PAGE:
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Lifeguards for the Handicapped

Lifeguards for the Handicapped

                                   by Jeannie

What they have in common is the desire to be helpful no matter how heavy the cart or how hot the sand and you cannot tip them to show your appreciation and so I am writing this article to thank them

thank you guys, thank you Kismet!

Where ever they are - lifeguards are special. They're a hero to little boys; heartthrob to girls; eye candy to mature women, source of envy to their male counterparts, but most of all respected.

More so this summer with its frequent visits by sharks (How do they tell the difference between sharks and dolphins? - dolphins are mammals and need to come up for air, Sharks use gills to breath with, as fish do, rather than lungs that exchange respiratory gases. so when you see that fin gliding smoothly in your direction and not jumping - lookout!

This requires  more than the average concentration when safe guarding our lives.

Not all days are warm and sunny       - looking for sharks

However in Kismet there is a group of lifeguards who are even more special

They man the section of the beach in front of the handicap ramp, a relatively recent mandated construction when new overpasses to the beach were built after hurricane Sandy.

The other traditional overpasses feature many steep steps prohibitive to those on wheel chairs, scooters, crutches  or baby carriages  and schlepping large wagons of beach gear.

However the elaborate zig zagged ramp ultimately leading to the beach is usually sand laden towards its destination defeating its purpose.

 Going to the beach in the '80's, '90's

In what I consider  the "golden age of Kismet", when the community was 80% group houses, all single,  going to the beach had its own rituals. Instead of placing beach chairs (which were considered for sissies)  group houses would take a blanket to the beach which would eventually be laden with house members, many times sporting customized T-shirts with the name of the house on them - Apples, Bananas, Peaches, Crazy A, Cozy A, Ocean View,  Big Bamboo, Dynasty, Orange Door, Lemon Tree, Last Resort - and these were just the ones towards the beach on Pine!

Also on these blankets would be refreshments, cocktails and occasional boom box until the sand was no longer visible. We blanket hopped planning the parties of the day, who is having a six-ish. posing, flirting etc.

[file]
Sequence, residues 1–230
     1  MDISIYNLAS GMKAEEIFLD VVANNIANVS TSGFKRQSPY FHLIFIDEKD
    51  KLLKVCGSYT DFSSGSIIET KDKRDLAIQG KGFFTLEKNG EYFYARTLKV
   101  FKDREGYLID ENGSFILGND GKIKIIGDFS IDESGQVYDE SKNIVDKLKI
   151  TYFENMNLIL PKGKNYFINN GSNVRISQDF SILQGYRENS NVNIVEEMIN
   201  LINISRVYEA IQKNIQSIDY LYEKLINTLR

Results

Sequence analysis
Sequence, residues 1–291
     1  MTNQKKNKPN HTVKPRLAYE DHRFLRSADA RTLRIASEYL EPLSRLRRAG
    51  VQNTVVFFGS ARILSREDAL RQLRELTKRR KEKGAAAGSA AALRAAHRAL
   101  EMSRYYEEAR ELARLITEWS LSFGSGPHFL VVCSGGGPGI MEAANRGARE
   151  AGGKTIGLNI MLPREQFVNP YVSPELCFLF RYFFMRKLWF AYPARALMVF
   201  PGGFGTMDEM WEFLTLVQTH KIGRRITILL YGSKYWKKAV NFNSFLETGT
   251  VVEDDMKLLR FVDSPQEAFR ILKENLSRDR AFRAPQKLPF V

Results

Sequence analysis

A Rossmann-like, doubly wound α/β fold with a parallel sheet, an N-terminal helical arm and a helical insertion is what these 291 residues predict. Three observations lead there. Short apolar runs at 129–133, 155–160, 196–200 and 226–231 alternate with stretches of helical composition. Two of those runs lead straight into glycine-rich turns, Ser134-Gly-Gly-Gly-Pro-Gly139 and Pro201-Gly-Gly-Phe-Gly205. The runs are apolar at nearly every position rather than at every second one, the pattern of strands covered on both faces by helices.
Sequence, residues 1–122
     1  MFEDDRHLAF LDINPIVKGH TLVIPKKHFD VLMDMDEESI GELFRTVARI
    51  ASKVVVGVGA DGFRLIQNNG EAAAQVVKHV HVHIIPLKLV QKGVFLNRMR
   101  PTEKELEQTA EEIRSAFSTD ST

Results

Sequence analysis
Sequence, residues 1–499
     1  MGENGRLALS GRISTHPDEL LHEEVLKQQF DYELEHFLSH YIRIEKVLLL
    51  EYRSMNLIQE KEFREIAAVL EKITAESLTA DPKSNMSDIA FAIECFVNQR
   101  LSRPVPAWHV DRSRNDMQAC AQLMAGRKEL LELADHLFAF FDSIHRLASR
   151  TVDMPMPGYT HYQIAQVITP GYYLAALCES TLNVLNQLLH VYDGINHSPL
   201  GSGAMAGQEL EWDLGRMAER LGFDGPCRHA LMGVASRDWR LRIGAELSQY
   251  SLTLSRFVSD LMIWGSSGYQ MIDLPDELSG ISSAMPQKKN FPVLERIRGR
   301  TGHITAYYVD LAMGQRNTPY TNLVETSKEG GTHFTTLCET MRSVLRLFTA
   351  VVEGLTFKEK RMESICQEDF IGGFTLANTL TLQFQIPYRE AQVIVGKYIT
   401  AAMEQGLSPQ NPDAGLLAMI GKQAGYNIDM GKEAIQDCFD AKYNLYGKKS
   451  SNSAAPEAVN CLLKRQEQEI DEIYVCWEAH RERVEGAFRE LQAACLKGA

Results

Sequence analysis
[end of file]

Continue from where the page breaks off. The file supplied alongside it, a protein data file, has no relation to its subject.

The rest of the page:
My feet barely touched the sand.

Now 40 years and several botched orthopedic surgeries later which left me with a  marked limp and a balance problem, I can no longer walk on the sand.

You have no idea how deserted a beach town can be during the day.

 I didn’t even attempt the handicap ramp which was always sanded in towards the bottom,  until the end of Covid summer at which time with virtually no one around I set up my beach chair near my scooter halfway down in a curve and named it "handicap beach".

It was as close as I'd gotten to the beach in many years.

 I was a little embarrassed as people climbed over me but intrinsically happy.

One day  towards the end of this summer after I'd settled in on my "beach", a beautiful blonde beach boy popped up and said the magic words "I can take you to the beach".

I thought I was hallucinating and at first declined the offer. Then I slapped my face to see if i was awake and hoped he would return.

This is what pure happiness looks like

Then it was then that I became aware of the beach cart, a simple affair with huge tires which could traverse the sand.

There were two of them, they took me and my chair, placed me near the surf

and so, after in the absence of 10 years, I was finally able to go to the beach again!

so beautiful, so polite, Kismet Heaven!

 These young man and an occasional girl lifeguard  would wheel me from the ramp to the front of the surf, put me on my beach chair and leave me till I wanted to return.

 I cannot tell you how happy this made me to actually sit on the beach again

 They are a modest polite and very accommodating group all of whom have diverse and impressive day jobs in the winter:  here is a list I had to beg and cajole from them

Jack Luquer Chief LG

 22 years exp- Teacher


Peter Lepore senior LG

35 years exp -HS principal 

Shawn Drum Senior LG

33 years exp- county employee 

Russ Youmans Senior LG

31 years exp- county employee 

Ryan Cornell Senior LG

15 years exp- Teacher 

Michael Coan Senior LG

10 years exp- Teacher 

Tom Delesia senior LG 

17 years exp- county employee 

Bailey Imbo LG 

7 years exp- med school student 

Chris Cornell LG

16 years exp- Construction 

Terrance Gardner LG

6 years exp- college student 

Noah Chernik LG

8 years exp- med school student 

Jeff Atlas LG

5 years exp- college student 

Ally Alliegro LG

6 years exp- college student 

Tedder McLaughlin LG

5 years exp- college student 

Chris Delisle LG

5 years exp college student 

Steven Kreuscher LG

Rookie- teacher 

Jake Nielsen LG

Rookie- HS student

Kyle Kreuscher LG

8 years exp- accountant 

They have  been modestly not forthcoming, they are mostly teachers of  math, science and even handicapped children,  One is a school principal, another a retired cop. Some are even high school seniors, others have been teaching for years.

What they have in common is the desire to be helpful no matter how heavy the cart or how hot the sand and you cannot tip them even though you want to show your appreciation and so I am writing this article to thank them.

They are not special lifeguards chosen for the handicapped .They are the luck of the draw but the luckiest one is me to be able once again to sit on the beach

                          Thank you guys

                                                      Thank you Kismet